The five big media trends
What are the five big things that will happen in the Indian media and entertainment industry in 2014? Here goes my list:
01) There will be more variety in programming and channels on television. You can see some of that already as broadcasters started offering the latest global shows — Castle or Sherlock for instance — in the week of its release. Hindi channels are segmenting the market finely with second and third general entertainment channels. Most are now offering second and third film channels too. Much of this is happening because of digitisation. More than half of India’s 150 odd million TV homes are now digital. According to the law, all should be so by the end of 2014. Digitisation removes bandwidth issues and makes slicing and dicing audiences easier. Think of what multiplexes did to films, that is exactly what television digitisation will do to. Sure there is some pain along the way — filling those KYC forms if you are a cable subscriber for one and figuring out how to operate a set-top-box. But in the end, by say 2015-16, much of this will result in a TV industry that is less dependent on advertising and more on the money you pay and therefore on catering to your programming needs.
02) There will be some correction in the film business. The inflation in talent costs has been more than 100 per cent, way above the growth rate of the industry. Not surprisingly much of this rise has benefitted only the top few in most departments — acting, cinematography, direction, writing or the others. For very long veterans such as Manmohan Shetty and Subhash Ghai have been saying that the business of films is getting skewed. This year it finally tilted totally to a cost-heavy, talent business. Though 20-30 per cent of the films eventually recover their money, very few are managing to make a profit since a huge amount is soaked up upfront. Expect some bust-ups in this one.
03) The whole issue of media ownership will become hotter. The financial implosion at Tehelka happened when the scandal over the alleged sexual assault of a junior colleague by its editor Tarun Tejpal, broke. According to news reports a combination of investors in Tehelka, lost about Rs 40 crore over the last four years alone. This begged the question — why were those investors then buying and selling the company’s shares at crazy premiums? Just like Tehelka there are several media firms waiting to implode. For example of India’s 135 odd news channel, about one third are owned by people who have no desire to run a news channel. They just want a tool to extort, influence or woo people with the fact that they have media to use. There are dozens of such Tehelkas waiting to happen. The regulator is already taking a closer look at this one.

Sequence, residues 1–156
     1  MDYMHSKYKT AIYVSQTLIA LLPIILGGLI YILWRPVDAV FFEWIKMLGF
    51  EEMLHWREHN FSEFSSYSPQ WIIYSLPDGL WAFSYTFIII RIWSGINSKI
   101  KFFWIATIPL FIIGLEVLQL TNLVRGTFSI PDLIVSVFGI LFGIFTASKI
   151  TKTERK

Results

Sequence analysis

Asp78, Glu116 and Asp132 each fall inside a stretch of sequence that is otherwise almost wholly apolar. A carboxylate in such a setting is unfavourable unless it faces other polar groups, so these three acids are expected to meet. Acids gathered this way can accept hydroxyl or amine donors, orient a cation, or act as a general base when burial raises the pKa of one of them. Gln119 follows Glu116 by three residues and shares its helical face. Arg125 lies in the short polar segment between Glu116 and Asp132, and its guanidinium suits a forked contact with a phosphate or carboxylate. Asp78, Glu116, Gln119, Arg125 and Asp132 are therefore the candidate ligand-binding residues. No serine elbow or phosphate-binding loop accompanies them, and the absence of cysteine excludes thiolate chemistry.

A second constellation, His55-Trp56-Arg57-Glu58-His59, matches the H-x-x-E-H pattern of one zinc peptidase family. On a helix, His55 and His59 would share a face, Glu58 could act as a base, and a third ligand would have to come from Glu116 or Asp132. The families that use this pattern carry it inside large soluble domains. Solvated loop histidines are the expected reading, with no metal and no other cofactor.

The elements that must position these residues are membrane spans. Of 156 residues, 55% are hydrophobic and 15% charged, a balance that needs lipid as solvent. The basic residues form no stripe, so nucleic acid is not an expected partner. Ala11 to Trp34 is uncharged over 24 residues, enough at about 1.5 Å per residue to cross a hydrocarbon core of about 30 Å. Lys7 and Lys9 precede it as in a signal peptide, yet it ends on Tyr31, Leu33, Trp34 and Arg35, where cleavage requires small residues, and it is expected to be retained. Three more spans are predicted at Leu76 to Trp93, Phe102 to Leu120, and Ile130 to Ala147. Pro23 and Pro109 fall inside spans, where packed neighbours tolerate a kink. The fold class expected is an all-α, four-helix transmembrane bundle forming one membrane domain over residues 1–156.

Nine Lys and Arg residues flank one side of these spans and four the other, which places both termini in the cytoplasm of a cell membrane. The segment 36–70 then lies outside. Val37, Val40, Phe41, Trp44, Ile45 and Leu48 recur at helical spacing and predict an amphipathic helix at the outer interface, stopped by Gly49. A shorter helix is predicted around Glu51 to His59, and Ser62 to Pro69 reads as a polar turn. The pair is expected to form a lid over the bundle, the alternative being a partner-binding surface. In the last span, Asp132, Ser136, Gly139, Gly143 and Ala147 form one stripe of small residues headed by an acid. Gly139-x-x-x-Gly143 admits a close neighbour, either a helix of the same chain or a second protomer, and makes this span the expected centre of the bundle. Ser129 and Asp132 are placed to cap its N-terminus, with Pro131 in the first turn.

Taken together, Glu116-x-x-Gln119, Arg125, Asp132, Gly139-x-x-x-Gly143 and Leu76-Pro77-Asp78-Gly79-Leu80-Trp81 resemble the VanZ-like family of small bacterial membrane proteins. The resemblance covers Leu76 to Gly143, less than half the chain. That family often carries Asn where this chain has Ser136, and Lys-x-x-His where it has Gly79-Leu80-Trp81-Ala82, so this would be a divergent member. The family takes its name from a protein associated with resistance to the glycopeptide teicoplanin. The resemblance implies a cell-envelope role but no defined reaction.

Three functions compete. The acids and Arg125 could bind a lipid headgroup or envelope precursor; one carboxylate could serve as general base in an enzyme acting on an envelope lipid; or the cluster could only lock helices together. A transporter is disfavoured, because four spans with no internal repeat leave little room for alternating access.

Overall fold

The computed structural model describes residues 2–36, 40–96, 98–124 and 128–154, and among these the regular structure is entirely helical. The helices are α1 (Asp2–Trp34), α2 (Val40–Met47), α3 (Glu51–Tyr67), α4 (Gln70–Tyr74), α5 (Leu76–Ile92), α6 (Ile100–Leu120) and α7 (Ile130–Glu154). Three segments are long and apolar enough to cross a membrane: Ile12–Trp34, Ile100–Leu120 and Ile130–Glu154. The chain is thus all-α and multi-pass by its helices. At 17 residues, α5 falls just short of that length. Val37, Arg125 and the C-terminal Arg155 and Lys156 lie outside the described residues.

04) The boom in online video consumption will keep everyone in the film and TV industries busy. All the biggies that sneered at the lack of revenues online are finally seeing enough traction to move in. Zee, T-Series, Star, almost every major media firm is giving the scores of random ‘content shops,’ a run for their money. T-Series is the number one channel on YouTube out of India, for three years now. Star is the stickiest one. This means people spend more time on its channel online, compared any other in the top ten. With 227 million Indians logging into tablets, laptops, iPhone or other devices to watch, read, listen or simply talk, this market is now a serious number. Watch out then for a lot of jostling for online territory in the coming year.
05)English newspapers better keep a tab on their readership numbers. Going by trends this should be the year when it finally stagnates. Strangely enough none of the papers have got around to looking at and getting advertisers to look at blended metrics. If they could get online into the readership numbers, it will be wonderful. This then should be the year that online will start affecting, at least English print, in India.
Happy new year!
The writer is a media specialist and author. Follow her on twitter at http://twitter.com/vanitakohlik